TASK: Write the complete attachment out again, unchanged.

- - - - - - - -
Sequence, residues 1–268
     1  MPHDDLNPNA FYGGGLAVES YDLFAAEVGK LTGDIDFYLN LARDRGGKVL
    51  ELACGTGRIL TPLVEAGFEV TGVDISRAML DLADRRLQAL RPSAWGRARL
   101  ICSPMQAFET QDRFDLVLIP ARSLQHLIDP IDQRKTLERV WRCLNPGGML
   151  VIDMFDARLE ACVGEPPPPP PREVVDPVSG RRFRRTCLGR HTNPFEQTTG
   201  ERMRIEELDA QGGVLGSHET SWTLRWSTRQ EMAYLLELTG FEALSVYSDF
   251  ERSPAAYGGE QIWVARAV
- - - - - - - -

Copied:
Sequence, residues 1–268
     1  MPHDDLNPNA FYGGGLAVES YDLFAAEVGK LTGDIDFYLN LARDRGGKVL
    51  ELACGTGRIL TPLVEAGFEV TGVDISRAML DLADRRLQAL RPSAWGRARL
   101  ICSPMQAFET QDRFDLVLIP ARSLQHLIDP IDQRKTLERV WRCLNPGGML
   151  VIDMFDARLE ACVGEPPPPP PREVVDPVSG RRFRRTCLGR HTNPFEQTTG
   201  ERMRIEELDA QGGVLGSHET SWTLRWSTRQ EMAYLLELTG FEALSVYSDF
   251  ERSPAAYGGE QIWVARAV